Authenticity is crucial, especially now when companies are trying to cash in on the American Made movement. We need stability and long term commitments to reshore our manufacturing jobs. You as a person, a New Yorker, your design “style”, and the clothing lines you’ve launched are soaked in authenticity and the desire to support all thing America.

How do you set yourself apart to help tell your story and truly get across the importance of what you’re trying to do?

The bottom line is that I design what I feel is meaningful to me. If I feel like I’m working on something that feels forced or doesn’t match my personality, then I’m not doing it. It’s really simple. No bullshit.


Are there any pressures you’ve found to go elsewhere to have to compete?

The thought has crossed my mind a few times, but there are way too many negatives for me to even consider getting something produced in any kind of overseas death trap. That’s not to say that I don’t work with certain partners outside of this country, because I definitely do, but those partners have the same safety and ethics standards that we have here and none of them are exploitive in any way. I don’t necessarily think everything needs to be American made, but it does need to be made in a way that’s fair and safe for all parties involved. You don’t want to become xenophobic in this process, it’s good to be able to collaborate across the globe with like-minded people when the time is right, but it’s also great to keep the work in your backyard and help out your neighbors.


Why is the American made theme so important to you and the companies that represent you?

If there’s one thing I refuse to be a part of, it’s unsafe and unethical working conditions. Especially now that I’m a father, my perception of the world around me and the means at which some companies prosper can be extremely sickening. I won’t do business with people like that. At least here we have laws prohibiting that kind of stuff. You couldn’t do it if you tried. We’re all people on this earth, there’s no reason anyone should have to suffer more than anyone else, especially not for making clothes.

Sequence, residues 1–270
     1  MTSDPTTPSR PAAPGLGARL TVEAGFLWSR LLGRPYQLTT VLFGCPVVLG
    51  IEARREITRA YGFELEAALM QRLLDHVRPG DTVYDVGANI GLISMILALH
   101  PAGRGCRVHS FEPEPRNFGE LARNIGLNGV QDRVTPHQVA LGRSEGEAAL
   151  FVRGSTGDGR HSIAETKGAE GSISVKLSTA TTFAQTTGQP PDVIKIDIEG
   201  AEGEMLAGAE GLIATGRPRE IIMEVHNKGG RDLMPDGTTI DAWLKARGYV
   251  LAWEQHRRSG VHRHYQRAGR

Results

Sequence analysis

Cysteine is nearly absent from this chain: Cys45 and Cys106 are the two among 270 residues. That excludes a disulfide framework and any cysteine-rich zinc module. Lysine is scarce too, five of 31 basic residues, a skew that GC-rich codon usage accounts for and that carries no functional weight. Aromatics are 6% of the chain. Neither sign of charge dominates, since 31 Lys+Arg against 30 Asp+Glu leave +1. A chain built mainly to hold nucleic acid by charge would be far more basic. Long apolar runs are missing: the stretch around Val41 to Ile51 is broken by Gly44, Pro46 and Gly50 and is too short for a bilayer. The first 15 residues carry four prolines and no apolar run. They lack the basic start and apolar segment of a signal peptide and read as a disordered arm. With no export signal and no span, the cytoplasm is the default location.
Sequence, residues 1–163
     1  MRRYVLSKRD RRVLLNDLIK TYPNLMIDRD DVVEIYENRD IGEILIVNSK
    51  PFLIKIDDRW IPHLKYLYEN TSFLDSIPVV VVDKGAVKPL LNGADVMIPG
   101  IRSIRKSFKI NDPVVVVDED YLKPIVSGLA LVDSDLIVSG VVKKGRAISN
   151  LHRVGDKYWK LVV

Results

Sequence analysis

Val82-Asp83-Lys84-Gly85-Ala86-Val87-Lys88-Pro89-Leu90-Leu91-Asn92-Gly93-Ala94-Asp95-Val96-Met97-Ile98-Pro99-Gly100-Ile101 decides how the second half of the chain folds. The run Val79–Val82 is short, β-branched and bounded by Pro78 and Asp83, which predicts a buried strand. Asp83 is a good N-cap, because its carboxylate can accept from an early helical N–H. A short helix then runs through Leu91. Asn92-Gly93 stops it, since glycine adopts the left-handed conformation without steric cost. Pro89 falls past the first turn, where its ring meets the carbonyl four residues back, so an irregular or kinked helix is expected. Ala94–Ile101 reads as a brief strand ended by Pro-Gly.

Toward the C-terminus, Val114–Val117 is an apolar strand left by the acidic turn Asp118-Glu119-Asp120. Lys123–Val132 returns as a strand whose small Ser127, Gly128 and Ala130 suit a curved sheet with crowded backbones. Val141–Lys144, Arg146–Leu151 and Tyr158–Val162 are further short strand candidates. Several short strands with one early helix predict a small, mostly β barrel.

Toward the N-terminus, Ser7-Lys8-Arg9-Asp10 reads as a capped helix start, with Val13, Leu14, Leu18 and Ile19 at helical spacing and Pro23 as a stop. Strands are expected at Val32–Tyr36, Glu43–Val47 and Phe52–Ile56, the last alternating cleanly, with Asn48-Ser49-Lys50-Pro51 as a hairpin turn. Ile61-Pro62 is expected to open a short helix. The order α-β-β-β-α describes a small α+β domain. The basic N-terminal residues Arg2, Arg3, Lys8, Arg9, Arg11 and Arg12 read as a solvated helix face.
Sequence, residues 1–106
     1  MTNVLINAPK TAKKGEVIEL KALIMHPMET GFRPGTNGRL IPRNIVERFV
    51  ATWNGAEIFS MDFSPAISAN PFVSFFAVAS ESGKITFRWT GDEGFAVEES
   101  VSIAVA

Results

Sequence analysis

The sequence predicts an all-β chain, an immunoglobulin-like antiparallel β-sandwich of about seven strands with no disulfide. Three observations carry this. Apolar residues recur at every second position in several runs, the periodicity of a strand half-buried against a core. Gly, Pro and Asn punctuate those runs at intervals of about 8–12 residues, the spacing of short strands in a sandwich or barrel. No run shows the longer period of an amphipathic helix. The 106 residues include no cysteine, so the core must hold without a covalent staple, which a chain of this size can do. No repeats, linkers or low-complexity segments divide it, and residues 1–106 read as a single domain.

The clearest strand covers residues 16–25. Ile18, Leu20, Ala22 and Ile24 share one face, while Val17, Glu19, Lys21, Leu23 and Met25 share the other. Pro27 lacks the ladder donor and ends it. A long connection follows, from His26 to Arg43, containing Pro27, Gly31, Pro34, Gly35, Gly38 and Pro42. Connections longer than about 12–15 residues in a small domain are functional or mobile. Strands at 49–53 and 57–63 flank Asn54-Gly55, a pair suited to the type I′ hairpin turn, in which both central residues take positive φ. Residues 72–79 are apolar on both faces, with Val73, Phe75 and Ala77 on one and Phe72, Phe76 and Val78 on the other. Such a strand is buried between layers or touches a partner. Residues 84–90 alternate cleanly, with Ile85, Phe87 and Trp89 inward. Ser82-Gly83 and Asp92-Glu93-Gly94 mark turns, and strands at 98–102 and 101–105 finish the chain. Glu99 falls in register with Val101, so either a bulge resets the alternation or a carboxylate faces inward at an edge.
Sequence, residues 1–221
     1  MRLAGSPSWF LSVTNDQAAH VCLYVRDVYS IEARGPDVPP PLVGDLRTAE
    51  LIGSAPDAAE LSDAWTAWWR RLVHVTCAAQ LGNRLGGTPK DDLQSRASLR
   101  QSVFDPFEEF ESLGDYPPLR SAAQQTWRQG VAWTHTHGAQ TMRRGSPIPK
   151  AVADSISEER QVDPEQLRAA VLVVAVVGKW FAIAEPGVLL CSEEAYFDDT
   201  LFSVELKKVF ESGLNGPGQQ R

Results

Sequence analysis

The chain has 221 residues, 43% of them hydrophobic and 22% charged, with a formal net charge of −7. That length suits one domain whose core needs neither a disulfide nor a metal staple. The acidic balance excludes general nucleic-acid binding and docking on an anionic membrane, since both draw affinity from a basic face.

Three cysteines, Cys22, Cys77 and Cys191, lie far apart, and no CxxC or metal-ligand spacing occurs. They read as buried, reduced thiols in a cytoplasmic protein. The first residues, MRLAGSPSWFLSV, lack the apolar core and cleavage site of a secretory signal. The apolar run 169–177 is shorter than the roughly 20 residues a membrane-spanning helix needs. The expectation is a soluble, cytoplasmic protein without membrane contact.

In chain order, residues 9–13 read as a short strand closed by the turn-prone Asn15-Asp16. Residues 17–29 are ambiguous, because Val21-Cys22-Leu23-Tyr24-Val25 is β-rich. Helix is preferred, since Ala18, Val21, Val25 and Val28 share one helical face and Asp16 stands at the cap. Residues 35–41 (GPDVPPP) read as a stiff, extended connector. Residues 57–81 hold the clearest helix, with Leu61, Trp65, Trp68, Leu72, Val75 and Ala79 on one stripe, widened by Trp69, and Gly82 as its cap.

How important is it for you to market that you’re Made in the USA and to wear it on your sleeve?

Having the “Made in USA” label on things is just an easy way to say, “I support fair wages, safe working environments, and a love for my country” without being too wordy. This country catches a really bad rap in the rest of the world, but I like to think that my USA is different than the one portrayed to people overseas. I can be proud of where I’m from without having to agree with all the nonsense political and corporate agendas. I’m a traditional American, ya know? Live free or die.


If you could tell our readers one factor that is the greatest threat or advantage to keeping things made in America, and allowing our companies to succeed, what would it be?

It all comes down to support. We all have to support each other. This can’t just be a trend, this has to be a way of life. If we’re all in this together, then we’ll all succeed, but if this is just some passing fad, then maybe a few people get rich in a short amount of time, but the rest of us will be stuck with nothing before it even ends. At one time, the United States created the best of everything. Those days can exist again, but not without a dedication to cooperation.


Awesome, thank you so much for your time and perspective, Jon!